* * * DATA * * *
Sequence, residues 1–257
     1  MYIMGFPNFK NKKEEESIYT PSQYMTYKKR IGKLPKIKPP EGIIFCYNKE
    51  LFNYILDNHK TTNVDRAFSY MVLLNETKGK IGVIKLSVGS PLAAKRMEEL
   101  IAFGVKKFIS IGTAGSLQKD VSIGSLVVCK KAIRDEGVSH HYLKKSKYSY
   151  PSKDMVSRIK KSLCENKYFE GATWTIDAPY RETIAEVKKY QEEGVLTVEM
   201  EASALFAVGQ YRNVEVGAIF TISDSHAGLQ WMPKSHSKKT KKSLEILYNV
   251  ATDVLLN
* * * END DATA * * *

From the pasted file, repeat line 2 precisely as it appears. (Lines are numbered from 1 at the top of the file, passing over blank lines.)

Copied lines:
     1  MYIMGFPNFK NKKEEESIYT PSQYMTYKKR IGKLPKIKPP EGIIFCYNKE